When slaves in Saint-Domingue not only rose up but seized control of their French colony in 1791, the Black liberation movement was born, Pooja Bhatia (Haiti, 2009-11) writes in the London Review of Books. She discusses three books examining the enormous impact of the Haitian Revolution: The Common Wind: Afro-American Currents in the Age of the Haitian Revolution, by Julius S. Scott, Maroon Nation: A History of Revolutionary Haiti, by Johnhenry Gonzalez and Black Spartacus: The Epic Life of Toussaint Louverture, by Sudhir Hazareesingh.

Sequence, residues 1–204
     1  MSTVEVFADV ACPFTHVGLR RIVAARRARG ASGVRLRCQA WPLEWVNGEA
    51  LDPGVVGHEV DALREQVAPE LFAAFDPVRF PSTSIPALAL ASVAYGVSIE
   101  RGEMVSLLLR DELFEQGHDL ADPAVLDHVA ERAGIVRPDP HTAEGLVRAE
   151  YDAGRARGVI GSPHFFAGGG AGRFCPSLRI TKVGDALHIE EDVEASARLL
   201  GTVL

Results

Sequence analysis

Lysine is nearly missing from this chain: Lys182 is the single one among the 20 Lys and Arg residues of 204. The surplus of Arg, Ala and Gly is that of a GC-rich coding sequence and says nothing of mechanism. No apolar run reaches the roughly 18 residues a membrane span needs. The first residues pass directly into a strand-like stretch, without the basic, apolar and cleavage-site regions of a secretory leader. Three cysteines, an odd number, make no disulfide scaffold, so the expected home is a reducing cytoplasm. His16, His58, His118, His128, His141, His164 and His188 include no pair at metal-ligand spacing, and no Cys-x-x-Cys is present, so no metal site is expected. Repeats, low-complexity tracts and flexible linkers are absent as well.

“In 1804, Haiti became the second republic in the New World and the first Black one,” she writes. “The second article of its constitution abolished slavery; the fourteenth declared all Haitians, regardless of their skin color, to be Black. Haiti was post-colonial before many colonies existed.”


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